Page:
Japanese Tea Gardens, San Francisco

An oasis of serenity exists in the midst of bustling San Francisco. A feeling of peace will envelop you as you stroll through the Japanese Tea Gardens in Golden Gate Park.

Meandering along quiet paths and over bridges, you can observe Japanese maple trees, cherry trees, azaleas, dwarf cypress and cedar trees, and ponds teeming with koi. Pagodas, bronze and stone sculptures, and waterfalls give a Zen-like feeling to the gardens.

A large statue of a sitting Buddha awaits at the eastern end of the Long Bridge. Cast in bronze in Japan in 1790, Buddha was added to the gardens in 1949.

Many visitors come to meditate. Others come to paint or sketch.

Gardening is an art form in Japan. Selected stones and plants are arranged in harmony with the landscape.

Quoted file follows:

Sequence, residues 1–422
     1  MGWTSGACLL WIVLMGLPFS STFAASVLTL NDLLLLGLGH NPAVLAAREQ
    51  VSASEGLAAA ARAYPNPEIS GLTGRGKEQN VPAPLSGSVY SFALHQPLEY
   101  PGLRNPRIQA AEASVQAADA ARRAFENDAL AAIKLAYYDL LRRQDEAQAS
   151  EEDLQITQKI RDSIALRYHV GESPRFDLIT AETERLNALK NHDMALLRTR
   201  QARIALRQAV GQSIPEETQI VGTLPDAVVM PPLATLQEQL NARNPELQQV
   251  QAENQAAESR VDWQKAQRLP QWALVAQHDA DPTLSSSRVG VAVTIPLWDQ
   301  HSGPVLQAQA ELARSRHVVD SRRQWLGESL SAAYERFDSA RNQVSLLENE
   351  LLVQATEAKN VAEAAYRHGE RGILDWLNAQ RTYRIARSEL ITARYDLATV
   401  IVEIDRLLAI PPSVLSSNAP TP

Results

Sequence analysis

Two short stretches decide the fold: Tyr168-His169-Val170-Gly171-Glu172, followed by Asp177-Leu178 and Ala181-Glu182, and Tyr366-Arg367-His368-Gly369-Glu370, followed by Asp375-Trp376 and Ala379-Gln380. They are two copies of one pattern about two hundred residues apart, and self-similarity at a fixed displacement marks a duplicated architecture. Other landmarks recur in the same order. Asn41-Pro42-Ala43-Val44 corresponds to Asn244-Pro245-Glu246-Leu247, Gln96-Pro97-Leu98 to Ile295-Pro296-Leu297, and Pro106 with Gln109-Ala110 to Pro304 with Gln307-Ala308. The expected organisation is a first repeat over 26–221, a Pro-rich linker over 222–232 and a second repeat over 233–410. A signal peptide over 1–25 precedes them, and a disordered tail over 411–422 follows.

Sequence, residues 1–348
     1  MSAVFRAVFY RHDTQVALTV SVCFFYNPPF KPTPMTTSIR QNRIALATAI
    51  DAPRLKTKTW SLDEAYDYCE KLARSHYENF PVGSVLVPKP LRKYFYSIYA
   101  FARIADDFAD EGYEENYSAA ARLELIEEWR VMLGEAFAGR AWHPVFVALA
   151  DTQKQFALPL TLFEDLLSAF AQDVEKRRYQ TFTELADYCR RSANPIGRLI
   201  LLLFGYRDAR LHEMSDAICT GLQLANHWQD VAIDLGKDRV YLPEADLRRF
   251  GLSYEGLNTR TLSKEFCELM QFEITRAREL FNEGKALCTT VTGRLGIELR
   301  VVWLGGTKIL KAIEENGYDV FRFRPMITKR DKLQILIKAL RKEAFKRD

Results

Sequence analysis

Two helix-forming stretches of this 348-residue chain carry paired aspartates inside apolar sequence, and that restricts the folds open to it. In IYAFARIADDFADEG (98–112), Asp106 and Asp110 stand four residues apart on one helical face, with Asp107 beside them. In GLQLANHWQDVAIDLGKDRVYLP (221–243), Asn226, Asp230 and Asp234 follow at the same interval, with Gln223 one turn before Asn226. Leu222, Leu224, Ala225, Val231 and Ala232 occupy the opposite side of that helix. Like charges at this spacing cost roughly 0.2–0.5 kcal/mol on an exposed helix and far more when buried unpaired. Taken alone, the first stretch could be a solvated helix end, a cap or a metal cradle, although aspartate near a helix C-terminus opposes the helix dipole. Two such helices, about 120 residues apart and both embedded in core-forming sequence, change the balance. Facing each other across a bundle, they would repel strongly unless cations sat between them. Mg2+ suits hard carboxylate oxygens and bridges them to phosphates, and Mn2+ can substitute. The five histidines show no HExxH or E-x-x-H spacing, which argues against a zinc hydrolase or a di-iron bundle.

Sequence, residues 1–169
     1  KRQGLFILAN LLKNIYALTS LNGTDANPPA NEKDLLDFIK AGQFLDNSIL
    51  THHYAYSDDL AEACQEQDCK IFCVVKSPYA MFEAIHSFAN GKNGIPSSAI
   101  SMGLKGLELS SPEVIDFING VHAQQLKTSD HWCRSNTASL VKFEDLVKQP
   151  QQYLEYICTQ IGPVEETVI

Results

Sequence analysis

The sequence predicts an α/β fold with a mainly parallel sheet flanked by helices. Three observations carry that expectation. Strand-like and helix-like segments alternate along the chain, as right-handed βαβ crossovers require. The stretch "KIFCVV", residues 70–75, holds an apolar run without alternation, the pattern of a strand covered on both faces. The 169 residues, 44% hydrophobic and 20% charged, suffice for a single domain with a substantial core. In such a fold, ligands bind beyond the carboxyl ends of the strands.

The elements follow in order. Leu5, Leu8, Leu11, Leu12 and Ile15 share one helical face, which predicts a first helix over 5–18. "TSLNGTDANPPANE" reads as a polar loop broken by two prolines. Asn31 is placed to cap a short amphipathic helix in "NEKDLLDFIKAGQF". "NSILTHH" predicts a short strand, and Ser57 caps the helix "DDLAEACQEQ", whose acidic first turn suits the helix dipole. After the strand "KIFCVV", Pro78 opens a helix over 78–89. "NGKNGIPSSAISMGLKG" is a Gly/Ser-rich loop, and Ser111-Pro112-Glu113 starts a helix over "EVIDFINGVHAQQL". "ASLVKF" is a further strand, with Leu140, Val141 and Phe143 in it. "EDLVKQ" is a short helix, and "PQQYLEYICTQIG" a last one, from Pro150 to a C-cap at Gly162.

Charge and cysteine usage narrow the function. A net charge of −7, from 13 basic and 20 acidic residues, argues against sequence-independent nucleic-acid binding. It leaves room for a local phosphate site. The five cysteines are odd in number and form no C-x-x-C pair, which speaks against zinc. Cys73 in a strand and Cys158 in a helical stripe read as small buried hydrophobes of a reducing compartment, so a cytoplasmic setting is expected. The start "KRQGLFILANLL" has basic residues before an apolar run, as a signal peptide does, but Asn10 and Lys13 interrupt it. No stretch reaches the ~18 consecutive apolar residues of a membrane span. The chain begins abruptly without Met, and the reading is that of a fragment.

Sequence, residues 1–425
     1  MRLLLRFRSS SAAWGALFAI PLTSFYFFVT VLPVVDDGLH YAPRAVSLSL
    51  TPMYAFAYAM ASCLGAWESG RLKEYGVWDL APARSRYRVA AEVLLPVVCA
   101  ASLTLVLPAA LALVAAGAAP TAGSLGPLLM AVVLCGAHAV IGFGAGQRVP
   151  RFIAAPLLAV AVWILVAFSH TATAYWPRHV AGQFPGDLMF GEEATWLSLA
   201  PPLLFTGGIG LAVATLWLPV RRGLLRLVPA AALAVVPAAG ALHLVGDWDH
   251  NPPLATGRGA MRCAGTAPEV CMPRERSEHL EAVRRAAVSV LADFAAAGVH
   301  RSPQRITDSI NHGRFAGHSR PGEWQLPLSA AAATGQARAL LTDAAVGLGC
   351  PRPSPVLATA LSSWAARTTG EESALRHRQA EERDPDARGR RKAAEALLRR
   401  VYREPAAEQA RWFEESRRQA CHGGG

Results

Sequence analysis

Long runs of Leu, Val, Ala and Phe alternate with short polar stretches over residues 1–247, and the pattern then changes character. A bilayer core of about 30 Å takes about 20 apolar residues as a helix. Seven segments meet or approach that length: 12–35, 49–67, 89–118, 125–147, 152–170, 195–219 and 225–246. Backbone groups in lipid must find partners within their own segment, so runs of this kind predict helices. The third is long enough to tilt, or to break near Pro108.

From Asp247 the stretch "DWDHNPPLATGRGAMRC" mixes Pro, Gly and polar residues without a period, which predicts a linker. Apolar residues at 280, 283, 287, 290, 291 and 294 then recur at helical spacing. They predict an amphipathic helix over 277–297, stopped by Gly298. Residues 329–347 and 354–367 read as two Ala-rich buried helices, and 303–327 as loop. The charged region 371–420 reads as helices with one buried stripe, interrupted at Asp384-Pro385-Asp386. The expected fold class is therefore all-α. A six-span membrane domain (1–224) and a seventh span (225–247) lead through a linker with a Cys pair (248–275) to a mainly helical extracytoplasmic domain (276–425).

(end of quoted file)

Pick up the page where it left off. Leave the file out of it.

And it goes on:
Stop in at the tea house for a cup of green or jasmine tea and cookies served by a waitress donned in a colorful silk kimono.

Originally designed by Japanese gardener Makoto Hagiwara for the 1894 California Midwinter International Exposition, the tea gardens are open daily. Admission is $5.00 (cash only). Monday, Wednesday and Friday you can see the gardens for free if you enter between 9:00 and 10:00 a.m.

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